Why Karen Pryor was a game-changer, and not just for dog-trainers

November 7, 2009 at 4:36 pm Leave a comment

I became a fan of Karen Pryor when I read her first two books “Don’t Shoot the Dog” and “Lads Before the Wind” many years ago.

pryor“Reaching the Animal Mind” Clicker Training and What It Teaches Us About All Animals” is her newest book,  and in it she revisits the paths she covered in earlier works. She talks about discovering how to use a sound stimulus as a marker for a reward with dolphins. Although I had read this previously, it was still interesting re-reading it. She also goes over some of the training material she laid out in “Don’t Shoot the Dogs.” but since it has been a while since I had re-read that book, again, I didn’t mind seeing it covered again.

Pryor is a keen observer, and she details many instances of training or behavior problems — in dolphins, dogs, cats, and horses  –  that were the result of miscommunication, bad timing, and other confusion between people and animals. As a trainer and behaviorist, I know that many of the so-called behavior problems we have with our pets are because of miscommunication of some kind so it was very interesting to read her observations in this regard.

One of the most interesting parts of this book, however, was the section on teaching people — clicker-training people. Yes, clicker-training people. One of the earliest users of clickers with people used clicker training to mark the wanted behaviors/actions of kids doing gymnastics. As toes pointed just so — click! — and the child knew exactly what was right. It works for animals so why not for human animals?

As you can imagine, some parents got upset. But the quick-thinking coach told the parents this was TAGteaching — Teaching with Acoustical Guidance. TAGteaching has taken off and has been used in many different ways, from gym coaches, dance instructors and more.

One of the strongest messages from TAGteaching is that the good behavior/action is marked –  not the wrong. Far too many teachers and coaches try to change behavior by emphasizing what has been done wrong — but this isn’t the best way to teach.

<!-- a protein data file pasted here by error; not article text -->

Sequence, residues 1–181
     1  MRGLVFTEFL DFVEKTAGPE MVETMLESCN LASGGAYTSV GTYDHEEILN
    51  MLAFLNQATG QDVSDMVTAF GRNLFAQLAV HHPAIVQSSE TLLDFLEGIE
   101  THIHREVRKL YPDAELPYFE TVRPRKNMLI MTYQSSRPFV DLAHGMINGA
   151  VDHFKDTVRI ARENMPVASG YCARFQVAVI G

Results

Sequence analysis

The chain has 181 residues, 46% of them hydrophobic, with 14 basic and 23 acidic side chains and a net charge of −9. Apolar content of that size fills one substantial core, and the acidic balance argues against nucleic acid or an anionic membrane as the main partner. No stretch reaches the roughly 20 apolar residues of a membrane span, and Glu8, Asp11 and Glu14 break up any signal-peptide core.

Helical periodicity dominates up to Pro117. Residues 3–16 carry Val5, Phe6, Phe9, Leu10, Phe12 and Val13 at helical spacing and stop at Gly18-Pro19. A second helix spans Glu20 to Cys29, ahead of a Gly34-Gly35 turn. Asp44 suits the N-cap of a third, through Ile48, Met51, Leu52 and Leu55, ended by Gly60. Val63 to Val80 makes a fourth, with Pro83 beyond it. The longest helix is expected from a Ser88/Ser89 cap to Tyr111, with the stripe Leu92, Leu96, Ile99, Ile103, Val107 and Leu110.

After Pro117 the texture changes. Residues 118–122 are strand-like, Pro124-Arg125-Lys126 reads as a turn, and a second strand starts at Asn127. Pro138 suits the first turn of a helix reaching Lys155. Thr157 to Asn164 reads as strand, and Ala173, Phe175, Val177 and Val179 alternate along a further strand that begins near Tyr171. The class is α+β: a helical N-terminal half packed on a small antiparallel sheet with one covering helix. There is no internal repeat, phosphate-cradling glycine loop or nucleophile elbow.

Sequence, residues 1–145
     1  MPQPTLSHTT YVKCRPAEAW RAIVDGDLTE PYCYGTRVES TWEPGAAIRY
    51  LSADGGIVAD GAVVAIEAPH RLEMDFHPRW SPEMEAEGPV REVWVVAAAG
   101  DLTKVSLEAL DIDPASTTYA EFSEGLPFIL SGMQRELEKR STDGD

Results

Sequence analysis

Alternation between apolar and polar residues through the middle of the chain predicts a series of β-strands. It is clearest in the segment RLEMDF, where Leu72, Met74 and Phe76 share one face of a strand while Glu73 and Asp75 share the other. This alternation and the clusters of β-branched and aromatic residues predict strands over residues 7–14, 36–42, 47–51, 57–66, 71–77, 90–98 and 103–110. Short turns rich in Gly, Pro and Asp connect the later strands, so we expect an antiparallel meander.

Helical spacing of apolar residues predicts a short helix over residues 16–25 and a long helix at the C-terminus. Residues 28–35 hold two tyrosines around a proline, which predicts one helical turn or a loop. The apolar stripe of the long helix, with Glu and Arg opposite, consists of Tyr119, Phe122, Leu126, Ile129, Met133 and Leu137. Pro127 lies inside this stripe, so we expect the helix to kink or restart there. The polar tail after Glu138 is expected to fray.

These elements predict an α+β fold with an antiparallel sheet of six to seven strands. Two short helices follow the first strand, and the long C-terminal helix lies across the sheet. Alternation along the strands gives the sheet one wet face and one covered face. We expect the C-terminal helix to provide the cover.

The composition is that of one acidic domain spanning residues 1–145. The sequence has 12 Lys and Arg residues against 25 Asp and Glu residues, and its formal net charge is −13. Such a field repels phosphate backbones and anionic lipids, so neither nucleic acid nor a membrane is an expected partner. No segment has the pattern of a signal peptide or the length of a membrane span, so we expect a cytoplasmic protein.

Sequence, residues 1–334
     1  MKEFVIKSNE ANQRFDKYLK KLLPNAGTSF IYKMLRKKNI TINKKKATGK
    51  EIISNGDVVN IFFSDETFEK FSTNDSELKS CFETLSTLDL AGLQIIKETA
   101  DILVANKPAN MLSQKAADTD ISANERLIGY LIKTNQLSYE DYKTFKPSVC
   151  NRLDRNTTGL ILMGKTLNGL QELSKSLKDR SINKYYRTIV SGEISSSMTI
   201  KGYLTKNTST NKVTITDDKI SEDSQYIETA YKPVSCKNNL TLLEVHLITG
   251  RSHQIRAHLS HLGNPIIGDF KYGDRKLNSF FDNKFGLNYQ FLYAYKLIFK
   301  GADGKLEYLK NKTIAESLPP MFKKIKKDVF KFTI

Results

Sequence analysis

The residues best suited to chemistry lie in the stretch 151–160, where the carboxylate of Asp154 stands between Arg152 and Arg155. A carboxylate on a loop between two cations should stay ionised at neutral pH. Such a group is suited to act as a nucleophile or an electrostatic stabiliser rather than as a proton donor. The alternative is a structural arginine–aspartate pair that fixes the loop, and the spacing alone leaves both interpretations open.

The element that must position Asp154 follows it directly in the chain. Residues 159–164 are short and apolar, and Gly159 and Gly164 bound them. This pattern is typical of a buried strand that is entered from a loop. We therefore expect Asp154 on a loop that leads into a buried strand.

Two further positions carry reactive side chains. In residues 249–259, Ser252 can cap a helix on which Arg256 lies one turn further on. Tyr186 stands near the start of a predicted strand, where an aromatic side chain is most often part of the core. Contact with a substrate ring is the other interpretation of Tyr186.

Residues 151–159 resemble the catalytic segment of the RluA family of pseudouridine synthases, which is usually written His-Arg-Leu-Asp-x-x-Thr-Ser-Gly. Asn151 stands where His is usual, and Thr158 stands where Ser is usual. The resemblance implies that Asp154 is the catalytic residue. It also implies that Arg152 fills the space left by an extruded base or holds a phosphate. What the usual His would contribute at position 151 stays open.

I stress this concept in the first week of my dog training classes. I tell my students, “In our society, people are used to complaining when something is wrong. We complain when we get bad service, but we rarely reward good service as strongly. We readily complain to the business manager, but we assume when things go right, that’s the way they should be all the time.”

“Our dogs can’t learn that way. If our dogs only hear complaints, yells, and screams from us, they will think that the world is simply that way. But the dog will not change his behavior for the better. However, when we help the dog to change his behavior with clear communication and with praise, petting, and rewards – he learns a different way – and will be more apt to change his behavior.”

Pryor says people are the same way, and I agree. We are all more motivated when our efforts are recognized, praised, and rewarded.

Pryor also talks about trainers like myself who grew up with compulsive training (forcing dogs to learn something) and how we have –  and how we can –  learn new things ourselves. My introduction to clicker training was very negative in several different ways. First, I was very successful using older techniques. My dogs were great, well-behaved, competed very successfully in many sports and were very happy. They were not fearful as people said they should be and were very willing to offer new behaviors.

I wasn’t motivated to change.

Then, too, the trainers themselves who were embracing the new techniques were very quick to call me old-fashioned. They were very eager to tell me I was abusive (and worse);,and so I had no desire whatsoever to join their ranks.

But then I had several dogs of my own who challenged me. In the mid-80’s, Chocho, a Papillon, was not at all accepting of compulsive techniques. I had to find a different way to train him. Although I didn’t use a clicker — I used my voice to mark actions — I changed my training techniques for him.

Chocho was followed by a very intelligent, very willing Australian Shepherd, Dax, who was sound sensitive. Even a muffled clicker in the pocket would send her to the back of the house. So, again, no clicker, but more exploration into different training techniques.

As with any profession, I continue to be open to new things with the dogs who share my life today. Riker is also sensitive to sounds but also sensitive to anything negative; his feelings are easily hurt. Bashir is extremely intelligent, very eager to please me and devastated when I’m not happy with what he’s doing. Archer is a very happy worker and I want to keep him that way.

So along my journey of discovery I have found that there are many ways to train dogs.

Pryor talks about different techniques, too, and even though she feels the clicker is the best tool for marking behavior, she also explains how the voice can work as a marker.

Even though some of the material in the book was a rehash of her previous works, it was still interesting, thought-provoking reading. And there is plenty of new material to ponder. I’ve marked several pages and will go back later and re-read them.

I’m going to re-think this TAGteaching, too. I wonder if I can use a clicker in my classes to mark the (human) students good behaviors?



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Why Karen Pryor was a game-changer for dog-trainers — and for me Sport The Beagle Dog

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